Legal Framework
Disclosure of Major Holdings
Mandatory Purchase of Minority Holdings

Legal Framework

On January 1 1994 the European Economic Area Agreement (EEA) between the European Union and several countries of the European Free Trade Association (EFTA) came into effect. Under the EEA requirements Iceland has incorporated EU Regulations and Directives regarding company law and the law on financial markets.

Icelandic law on companies is now in two separate acts: the Act on Public Limited Companies 2/1995 and the Act on Private Limited Companies 138/1994.

Mergers under company law
Mergers of public companies must be treated differently depending on whether any of the companies are listed on the stock market. Should none of the companies be listed on the stock market mergers are only governed by the provisions in Chapters 14 of Act 2/1995 and Act 138/1994.

Redemption of shares
Provisions in the Company Act authorize a shareholder that owns more than 90% of the share capital and controls more than 90% of both the votes and the board to decide that other shareholders must accept redemption of their shares at an agreed price, or failing agreement, at a price determined by assessors appointed by a court in the relevant jurisdiction. Correspondingly when a shareholder owns more than 90% of the share capital each of the minority share holders can demand that their shares be redeemed at a price determined under these conditions.

Disclosure of Major Holdings

Under Regulation 433/1999, issued under the authority of the Stock Exchange Act, shareholders are obliged to notify the Stock Exchange and the company concerned if their shareholdings increase or decrease above or below the limits of 5%, 10%, 20%, 33.3%, 50% or 66.7% on the principle that these notices are required to ensure the transparency of the market. The Icelandic rules conform to the EU disclosure rules in EU Directive 88/627.

Mandatory Purchase of Minority Holdings

Article 19 of the Stock Exchange Act requires the mandatory purchase of minority holdings in listed companies when a party meets any of the following conditions:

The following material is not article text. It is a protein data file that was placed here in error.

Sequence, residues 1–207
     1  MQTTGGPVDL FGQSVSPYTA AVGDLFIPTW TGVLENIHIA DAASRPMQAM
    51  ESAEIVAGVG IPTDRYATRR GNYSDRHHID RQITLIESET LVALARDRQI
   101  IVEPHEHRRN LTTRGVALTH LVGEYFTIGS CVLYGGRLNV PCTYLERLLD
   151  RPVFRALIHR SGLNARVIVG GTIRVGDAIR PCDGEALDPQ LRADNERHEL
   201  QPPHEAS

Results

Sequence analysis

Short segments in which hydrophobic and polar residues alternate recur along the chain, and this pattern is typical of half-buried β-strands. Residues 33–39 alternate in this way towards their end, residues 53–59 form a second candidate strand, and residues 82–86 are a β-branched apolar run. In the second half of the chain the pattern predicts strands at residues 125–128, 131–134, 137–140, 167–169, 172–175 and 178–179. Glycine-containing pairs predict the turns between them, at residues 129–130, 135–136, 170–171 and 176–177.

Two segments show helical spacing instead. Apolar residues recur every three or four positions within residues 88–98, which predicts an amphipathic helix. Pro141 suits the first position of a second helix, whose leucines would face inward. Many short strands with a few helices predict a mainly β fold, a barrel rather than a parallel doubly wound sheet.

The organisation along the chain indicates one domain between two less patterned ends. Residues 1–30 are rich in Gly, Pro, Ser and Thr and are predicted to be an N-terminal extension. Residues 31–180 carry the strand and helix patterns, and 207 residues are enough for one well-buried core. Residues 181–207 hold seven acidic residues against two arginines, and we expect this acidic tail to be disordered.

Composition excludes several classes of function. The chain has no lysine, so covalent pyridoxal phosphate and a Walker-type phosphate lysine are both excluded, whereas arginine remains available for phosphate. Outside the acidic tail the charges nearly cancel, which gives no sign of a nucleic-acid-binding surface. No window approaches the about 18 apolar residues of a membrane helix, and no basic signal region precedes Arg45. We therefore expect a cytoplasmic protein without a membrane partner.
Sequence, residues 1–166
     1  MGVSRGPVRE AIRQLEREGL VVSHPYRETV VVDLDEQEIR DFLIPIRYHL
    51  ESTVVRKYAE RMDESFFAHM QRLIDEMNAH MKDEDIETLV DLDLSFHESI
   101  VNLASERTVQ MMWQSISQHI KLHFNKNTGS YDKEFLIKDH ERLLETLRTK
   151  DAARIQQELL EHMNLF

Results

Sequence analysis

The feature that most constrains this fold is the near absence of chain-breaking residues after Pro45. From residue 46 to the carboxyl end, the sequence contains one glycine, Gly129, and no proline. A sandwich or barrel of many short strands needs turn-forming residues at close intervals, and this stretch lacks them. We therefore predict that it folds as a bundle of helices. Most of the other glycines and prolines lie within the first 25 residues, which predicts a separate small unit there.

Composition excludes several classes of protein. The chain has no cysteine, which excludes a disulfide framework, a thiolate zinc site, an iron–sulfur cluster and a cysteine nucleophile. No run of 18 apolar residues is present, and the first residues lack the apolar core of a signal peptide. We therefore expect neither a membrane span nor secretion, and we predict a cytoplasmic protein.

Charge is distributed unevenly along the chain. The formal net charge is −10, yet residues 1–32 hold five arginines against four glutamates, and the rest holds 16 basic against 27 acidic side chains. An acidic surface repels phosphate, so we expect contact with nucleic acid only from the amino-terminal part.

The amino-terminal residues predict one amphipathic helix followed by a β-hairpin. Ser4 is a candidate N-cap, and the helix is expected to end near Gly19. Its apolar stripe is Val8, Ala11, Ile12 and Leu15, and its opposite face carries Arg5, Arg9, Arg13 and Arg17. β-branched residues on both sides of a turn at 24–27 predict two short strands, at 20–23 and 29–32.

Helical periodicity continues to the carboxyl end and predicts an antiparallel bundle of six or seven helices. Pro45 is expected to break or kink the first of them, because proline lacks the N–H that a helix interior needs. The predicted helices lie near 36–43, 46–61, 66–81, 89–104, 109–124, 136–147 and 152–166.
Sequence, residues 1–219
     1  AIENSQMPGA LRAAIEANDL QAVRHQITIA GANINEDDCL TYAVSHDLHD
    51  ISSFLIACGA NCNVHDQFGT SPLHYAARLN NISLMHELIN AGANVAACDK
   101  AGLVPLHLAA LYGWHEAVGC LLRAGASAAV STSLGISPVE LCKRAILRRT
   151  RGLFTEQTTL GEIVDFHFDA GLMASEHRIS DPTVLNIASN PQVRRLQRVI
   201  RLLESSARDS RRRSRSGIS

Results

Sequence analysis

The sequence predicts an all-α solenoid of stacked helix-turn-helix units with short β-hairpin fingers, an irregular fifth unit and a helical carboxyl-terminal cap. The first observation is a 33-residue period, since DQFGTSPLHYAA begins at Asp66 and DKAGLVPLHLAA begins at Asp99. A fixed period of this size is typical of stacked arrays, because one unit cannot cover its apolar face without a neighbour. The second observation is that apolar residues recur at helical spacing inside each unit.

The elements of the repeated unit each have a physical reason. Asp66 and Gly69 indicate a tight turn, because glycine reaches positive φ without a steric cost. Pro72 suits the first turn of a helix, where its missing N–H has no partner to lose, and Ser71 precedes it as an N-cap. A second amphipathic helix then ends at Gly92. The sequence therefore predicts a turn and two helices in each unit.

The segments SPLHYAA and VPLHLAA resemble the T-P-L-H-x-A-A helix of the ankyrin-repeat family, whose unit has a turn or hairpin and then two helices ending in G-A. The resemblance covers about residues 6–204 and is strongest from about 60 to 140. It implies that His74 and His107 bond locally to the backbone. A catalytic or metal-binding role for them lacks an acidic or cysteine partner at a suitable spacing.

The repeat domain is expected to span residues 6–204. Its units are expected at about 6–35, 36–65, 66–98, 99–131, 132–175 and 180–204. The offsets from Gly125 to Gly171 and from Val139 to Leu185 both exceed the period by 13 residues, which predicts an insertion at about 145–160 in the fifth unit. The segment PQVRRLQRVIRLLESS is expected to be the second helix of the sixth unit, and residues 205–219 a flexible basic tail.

• acquires 50% of the voting rights in a company or the corresponding part of the share capital;

  • acquires the right to nominate or to dismiss the majority of the board of the company;

  • acquires the right to govern the company on the basis of its articles or in another way by an agreement with the company; or

  • has on the basis of an agreement with other shareholders acquired the right to control 50% of the votes in the company.

The potentially controversial requirements in Article 19 have not yet been tested in the decrees by regulatory bodies or the courts. The requirements are based on proposed changes to the 13th EU Company Law Directive, which at present are left to the discretion of the separate states. The Icelandic requirements are comparable to Danish and Norwegian legislation and follow a political wave of interest in protecting minority rights in limited companies. Critics expect the requirements to prevent necessary consolidation in listed companies. Due to the great economic interests involved, it will be interesting to follow the eventual regulatory/court decrees and whether it will subsequently be considered necessary to amend the legislation.

For further information on this topic please contact Jakob R Möller at LOGOS by telephone (+354 540 0300) or by fax (+354 540 0301) or by email ([email protected]).

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